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Why am I not Ovulating but Having Periods?

The human reproductive system is one of the most complicated in the human body. It’s regulated by your endocrine system, which are the glands and pathways that create and distribute hormones throughout your body – this means that as well as specific reproductive health issues, your reproductive system can be affected by anything that affects that endocrine system, from diseases, to medication side effects, to dietary changes to stress.

One of the changes you can see to your menstrual cycle, as a result of any one of these potential vectors, is a lack of ovulation. This has a serious impact on your fertility, as without menstruation, there is no egg that can be fertilised, and grow into a foetus. If you continue to have periods, it can be difficult to spot if you’re not ovulating, as, whatever their level of medical expertise, most people are at least aware that the period is the body ejecting the previous cycle’s preparation for pregnancy – including an ovulated egg.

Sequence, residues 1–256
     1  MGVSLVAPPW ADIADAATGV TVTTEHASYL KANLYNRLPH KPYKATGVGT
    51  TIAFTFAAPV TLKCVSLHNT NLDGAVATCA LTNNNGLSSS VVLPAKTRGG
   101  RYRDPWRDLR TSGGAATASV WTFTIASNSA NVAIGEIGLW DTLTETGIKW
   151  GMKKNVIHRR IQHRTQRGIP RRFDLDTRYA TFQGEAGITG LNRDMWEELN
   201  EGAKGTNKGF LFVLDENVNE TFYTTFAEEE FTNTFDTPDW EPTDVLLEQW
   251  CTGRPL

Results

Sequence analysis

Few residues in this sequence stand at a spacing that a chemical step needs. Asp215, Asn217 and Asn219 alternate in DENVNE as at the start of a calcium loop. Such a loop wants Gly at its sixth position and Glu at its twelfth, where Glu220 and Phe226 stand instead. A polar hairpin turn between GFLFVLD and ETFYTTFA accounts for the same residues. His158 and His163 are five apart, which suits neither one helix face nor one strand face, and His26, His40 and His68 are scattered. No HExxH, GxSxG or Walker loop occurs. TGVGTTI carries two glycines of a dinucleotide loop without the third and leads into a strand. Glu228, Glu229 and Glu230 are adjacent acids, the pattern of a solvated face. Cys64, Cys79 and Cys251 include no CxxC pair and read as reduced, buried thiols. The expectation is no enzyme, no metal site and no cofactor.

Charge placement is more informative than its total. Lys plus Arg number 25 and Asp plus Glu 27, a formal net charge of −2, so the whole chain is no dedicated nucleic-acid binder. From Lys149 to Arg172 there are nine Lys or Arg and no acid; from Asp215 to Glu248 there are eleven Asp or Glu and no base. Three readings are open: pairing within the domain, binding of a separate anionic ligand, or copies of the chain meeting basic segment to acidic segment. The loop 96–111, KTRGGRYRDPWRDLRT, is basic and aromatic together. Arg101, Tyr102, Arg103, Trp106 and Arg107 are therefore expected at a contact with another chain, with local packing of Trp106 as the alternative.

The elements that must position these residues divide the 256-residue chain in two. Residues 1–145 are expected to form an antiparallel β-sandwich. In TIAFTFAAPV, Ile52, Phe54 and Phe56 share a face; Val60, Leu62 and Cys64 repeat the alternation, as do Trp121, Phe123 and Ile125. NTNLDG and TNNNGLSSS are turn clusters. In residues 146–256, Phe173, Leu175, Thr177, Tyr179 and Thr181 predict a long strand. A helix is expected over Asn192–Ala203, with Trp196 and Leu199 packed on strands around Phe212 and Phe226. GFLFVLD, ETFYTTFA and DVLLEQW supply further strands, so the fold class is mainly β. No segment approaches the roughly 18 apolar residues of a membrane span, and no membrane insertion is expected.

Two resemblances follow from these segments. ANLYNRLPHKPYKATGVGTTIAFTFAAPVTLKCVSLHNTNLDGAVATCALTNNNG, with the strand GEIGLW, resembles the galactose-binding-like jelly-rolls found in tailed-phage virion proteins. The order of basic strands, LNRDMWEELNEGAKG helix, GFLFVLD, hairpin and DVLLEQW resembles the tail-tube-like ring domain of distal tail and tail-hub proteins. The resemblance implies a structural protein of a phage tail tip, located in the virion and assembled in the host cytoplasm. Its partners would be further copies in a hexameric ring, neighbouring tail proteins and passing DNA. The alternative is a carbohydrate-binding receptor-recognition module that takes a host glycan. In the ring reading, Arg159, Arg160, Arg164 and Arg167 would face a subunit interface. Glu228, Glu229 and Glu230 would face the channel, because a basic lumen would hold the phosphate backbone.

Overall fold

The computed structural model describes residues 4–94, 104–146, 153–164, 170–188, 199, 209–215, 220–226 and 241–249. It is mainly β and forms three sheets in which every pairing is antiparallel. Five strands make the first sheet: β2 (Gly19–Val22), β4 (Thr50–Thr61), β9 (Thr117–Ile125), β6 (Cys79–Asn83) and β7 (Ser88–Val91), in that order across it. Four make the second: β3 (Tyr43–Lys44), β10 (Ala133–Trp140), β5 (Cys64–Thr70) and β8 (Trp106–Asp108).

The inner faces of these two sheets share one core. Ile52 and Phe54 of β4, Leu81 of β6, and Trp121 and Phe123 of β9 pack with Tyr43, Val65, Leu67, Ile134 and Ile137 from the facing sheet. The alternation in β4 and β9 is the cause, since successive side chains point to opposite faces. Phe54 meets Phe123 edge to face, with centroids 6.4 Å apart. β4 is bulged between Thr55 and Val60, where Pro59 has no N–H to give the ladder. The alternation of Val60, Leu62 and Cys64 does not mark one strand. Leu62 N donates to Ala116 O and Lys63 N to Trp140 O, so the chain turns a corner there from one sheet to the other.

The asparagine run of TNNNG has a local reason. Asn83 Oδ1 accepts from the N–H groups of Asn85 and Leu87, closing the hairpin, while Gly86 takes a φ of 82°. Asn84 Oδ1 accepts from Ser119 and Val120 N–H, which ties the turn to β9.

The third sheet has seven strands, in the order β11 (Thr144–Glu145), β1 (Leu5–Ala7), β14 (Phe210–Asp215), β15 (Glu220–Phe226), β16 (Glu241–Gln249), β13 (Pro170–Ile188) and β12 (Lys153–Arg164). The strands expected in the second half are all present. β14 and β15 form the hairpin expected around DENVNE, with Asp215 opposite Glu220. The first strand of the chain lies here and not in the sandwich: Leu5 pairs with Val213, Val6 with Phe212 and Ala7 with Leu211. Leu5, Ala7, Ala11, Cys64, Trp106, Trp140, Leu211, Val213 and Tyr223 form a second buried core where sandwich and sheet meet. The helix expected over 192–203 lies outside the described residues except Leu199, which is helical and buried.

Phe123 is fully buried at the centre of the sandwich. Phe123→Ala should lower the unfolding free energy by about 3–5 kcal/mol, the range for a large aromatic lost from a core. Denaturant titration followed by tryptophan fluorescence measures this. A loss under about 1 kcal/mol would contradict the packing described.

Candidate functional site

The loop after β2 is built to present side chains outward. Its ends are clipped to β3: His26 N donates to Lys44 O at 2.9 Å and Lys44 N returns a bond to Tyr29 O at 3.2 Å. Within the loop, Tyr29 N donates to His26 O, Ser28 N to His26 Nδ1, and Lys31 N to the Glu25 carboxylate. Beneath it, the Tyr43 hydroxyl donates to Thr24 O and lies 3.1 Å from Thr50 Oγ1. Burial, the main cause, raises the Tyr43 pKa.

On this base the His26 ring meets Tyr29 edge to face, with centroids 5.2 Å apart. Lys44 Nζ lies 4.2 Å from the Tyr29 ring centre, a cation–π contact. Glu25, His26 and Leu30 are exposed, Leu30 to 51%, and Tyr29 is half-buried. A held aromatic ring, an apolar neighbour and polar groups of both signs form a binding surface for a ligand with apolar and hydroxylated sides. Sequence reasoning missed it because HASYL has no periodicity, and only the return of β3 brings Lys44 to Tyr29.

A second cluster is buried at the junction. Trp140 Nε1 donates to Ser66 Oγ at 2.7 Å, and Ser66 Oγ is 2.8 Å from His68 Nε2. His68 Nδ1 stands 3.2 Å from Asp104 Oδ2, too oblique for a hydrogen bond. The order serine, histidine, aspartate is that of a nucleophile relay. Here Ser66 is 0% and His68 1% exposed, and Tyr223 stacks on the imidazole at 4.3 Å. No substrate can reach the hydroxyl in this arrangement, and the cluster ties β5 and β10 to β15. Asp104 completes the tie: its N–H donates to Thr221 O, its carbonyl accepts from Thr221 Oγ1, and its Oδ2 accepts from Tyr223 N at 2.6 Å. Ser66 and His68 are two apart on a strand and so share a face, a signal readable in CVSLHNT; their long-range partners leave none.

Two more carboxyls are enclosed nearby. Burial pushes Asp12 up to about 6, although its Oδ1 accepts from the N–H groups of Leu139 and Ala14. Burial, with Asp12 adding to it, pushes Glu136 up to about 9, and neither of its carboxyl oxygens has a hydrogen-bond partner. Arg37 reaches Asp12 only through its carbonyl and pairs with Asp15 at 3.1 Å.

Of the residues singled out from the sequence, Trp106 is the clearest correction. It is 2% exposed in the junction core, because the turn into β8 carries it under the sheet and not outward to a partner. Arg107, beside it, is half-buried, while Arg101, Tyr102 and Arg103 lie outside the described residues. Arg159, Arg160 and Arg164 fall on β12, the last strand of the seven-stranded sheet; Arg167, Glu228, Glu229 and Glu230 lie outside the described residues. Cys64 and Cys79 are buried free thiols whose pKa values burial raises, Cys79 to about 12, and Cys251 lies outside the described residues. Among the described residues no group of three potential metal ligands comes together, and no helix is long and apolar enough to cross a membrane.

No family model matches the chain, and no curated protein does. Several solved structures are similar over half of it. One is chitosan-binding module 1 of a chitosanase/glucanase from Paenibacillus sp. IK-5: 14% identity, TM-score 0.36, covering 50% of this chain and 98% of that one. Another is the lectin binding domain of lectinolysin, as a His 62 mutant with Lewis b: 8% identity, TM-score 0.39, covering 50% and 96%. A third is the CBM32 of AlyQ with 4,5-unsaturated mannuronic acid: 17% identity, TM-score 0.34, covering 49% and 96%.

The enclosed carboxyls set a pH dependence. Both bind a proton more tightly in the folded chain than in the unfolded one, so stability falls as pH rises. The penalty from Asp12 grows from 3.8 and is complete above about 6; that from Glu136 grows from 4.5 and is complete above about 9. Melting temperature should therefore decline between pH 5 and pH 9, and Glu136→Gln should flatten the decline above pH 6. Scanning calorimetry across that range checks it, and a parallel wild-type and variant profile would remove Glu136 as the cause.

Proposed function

Anovulatory Cycles

The name for a menstrual cycle that passes without an egg being released from the ovaries is an ‘anovulatory cycle’ – a cycle with no ovulation.

There are lots of things that can trigger an anovulatory cycle in your body, but the cause is always hormonal. In the first half of your cycle oestrogen is secreted in your brain, which, among other effects, causes your body to build up a thicker uterine lining.

After ovulation, a structure in the uterus called the corpus luteum produces progesterone, which gives structure to that lining – with sufficient progesterone, over time, it will develop into the placenta, that nourishes the foetus as it grows. If you ovulate, but the egg doesn’t implant, the corpus luteum shrinks away and the drop in progesterone causes the lining to be shed, which is what forms your period.

If you don’t ovulate, your body has still grown a thicker – though unstructured – uterine lining. If it doesn’t experience the progesterone levels to make it develop further and your oestrogen level drops, it too will decay, causing bleeding very like, but medically distinct from, a period.

Triggers

Anovulatory cycles are very common, and most women experience them at different points in their life. They’re more common for women in the year after their first period, as their hormone cycle stabilises. They can also be caused by coming off the pill, periods of extreme stress or even uncharacteristically vigorous exercise.

Tracking your ovulation with a reliable system like OvuSense can help you determine if a lack of ovulation is a one off event for you, or a sustained indicator of a deeper health problem like Polycystic Ovary Syndrome, that could require more help from a doctor or fertility expert.